Example, modern computers are pretty much hitting a wall at 3.5Ghz. Their Logic High and Low are miniscule (<0.2 for low, and >0.5 for 1), the silicon chip is extremely tiny. Voltages are low, etc. To speed up systems, designers (AMD, Intel), are adding more "cores" to the processor.

    When a smaller "process" of creating chips is available, speeds can still increase, but there IS a limit, at which point, logic will have to be designed from the ground up by Maxwell's equations, 4 abstractions away! OR, by an entirely New Insight such as quantum computers.

    Known functions are added to known functions to make a block, be it an amp or a gate, they work, Within the Design considerations. Once outside those limits, you reach the no-mans land that has nothing to do with threshold levels.
     
  16. Ron H

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    I don't get the part about "flicking 2 switches with one signal". You have mentioned this several times, and I still don't get it. An AND gate requires at least two inputs. Of course, you can use the same signal to control both inputs, in which case your AND gate degenerates to a follower, or buffer (non-inverting).
     
  17. Markd77

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    What's really happening is the circuit inside the AND gate is measuring the voltages at the inputs (if they are higher or lower than the threshold) and then deciding whether to connect the output to the positive supply or the negative supply.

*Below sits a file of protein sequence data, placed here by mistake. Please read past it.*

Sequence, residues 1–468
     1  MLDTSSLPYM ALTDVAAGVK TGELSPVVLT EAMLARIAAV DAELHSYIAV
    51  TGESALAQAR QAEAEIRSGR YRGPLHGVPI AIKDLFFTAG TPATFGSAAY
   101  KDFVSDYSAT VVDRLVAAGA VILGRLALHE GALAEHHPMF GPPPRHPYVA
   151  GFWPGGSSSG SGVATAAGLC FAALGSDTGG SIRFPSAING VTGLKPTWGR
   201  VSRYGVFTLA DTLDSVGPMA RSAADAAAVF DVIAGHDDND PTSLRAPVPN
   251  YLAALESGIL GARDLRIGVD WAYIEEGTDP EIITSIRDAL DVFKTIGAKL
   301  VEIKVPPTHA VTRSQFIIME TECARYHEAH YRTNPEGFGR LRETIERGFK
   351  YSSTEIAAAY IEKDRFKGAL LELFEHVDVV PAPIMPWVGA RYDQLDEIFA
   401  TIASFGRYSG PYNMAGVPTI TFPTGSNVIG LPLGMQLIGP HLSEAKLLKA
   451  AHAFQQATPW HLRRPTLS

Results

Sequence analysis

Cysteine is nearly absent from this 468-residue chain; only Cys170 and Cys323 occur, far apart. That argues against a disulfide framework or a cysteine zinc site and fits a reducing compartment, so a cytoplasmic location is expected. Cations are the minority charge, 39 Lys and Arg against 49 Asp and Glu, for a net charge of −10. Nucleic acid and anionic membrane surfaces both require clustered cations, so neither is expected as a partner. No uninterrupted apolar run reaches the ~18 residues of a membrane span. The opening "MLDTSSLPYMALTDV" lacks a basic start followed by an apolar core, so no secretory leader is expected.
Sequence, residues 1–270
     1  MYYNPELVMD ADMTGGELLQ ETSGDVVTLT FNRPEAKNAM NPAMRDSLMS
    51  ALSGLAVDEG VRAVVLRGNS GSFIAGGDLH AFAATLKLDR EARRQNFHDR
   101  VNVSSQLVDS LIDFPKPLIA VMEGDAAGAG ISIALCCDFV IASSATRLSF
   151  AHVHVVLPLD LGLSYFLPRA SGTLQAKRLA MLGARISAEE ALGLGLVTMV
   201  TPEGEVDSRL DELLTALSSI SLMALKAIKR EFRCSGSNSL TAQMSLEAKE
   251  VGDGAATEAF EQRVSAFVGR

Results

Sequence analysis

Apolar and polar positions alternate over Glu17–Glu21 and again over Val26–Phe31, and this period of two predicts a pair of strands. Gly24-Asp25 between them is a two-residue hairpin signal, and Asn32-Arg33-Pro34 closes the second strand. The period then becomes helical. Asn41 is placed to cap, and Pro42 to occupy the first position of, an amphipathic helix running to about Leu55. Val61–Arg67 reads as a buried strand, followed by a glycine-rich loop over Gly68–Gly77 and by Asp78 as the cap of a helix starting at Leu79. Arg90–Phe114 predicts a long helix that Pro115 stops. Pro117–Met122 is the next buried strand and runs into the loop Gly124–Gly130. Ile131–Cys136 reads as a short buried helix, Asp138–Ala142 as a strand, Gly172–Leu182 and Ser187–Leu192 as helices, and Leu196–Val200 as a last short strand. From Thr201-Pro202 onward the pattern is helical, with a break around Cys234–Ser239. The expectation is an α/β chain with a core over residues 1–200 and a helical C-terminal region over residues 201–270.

There isn't a current going from the inputs to the outputs, only the tiniest current will flow into the inputs, but the output can be comparatively large.
     
  18. beenthere

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    The signals are more explicitly not compared. If they happen to both be HIGH, then the output will be HIGH at and during that time. Call one input "A" and the other "B". Call the output "Q".

    Get the data sheet for a quad 1 input AND gate (a 7408) - http://www.nxp.com/documents/data_sheet/74F08.pdf

    On page 2 there is a truth table (they call it a function list). See how it works - Q is always LOW unless both A and B are HIGH.

    In the contest of real mysteries, what does this mean? -
    You may not be aware of it, but all signals in a motherboard are clocked so that functions occur in synchrony. The data bus, for instance, has an applied clock to control the data. It is READ/WRITE^ (the ^ means not). When Read is HIGH, the data at that time is being read from memory or I/O. When the signal is LOW, data at that time is being sent to memory to be stored, or to I/O to be transmitted externally.
     
  19. Papabravo

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    A gate which compares two logic signals would be an Exclusive-OR gate. The output is 1(HIGH) if the two inputs are different, and the output is 0(LOW) if the two inputs are the same. If you add an inverter to the output you have an exclusive-NOR gate. In that case the output is 1(HIGH) if the inputs are the same and 0(LOW) if the inputs are different.

    Either function can be expressed as a combination of AND gates, OR gates and inverters.

    The mechanical switch analogy is just that. What changes the state of the switch may not be a signal -- it might be a finger on a hand. In household wiring it is not uncommon to have switches wired in parallel so they perform an OR function. The AND function is less common in household applications.

    The switch analogy is also useful in industrial control applications which are designed using ladder logic with various mechanical switches and relay contacts.
     
  20. Wendy

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    Just throwing my two cents in. The two switch system you show would work perfectly for relays. The input of a relay is the coil (1 = powered up, 0 = no power), and the relay contacts are the gate.

    Every family has its own internal self consistent rules. Step outside the rules and it doesn't work predictably anymore.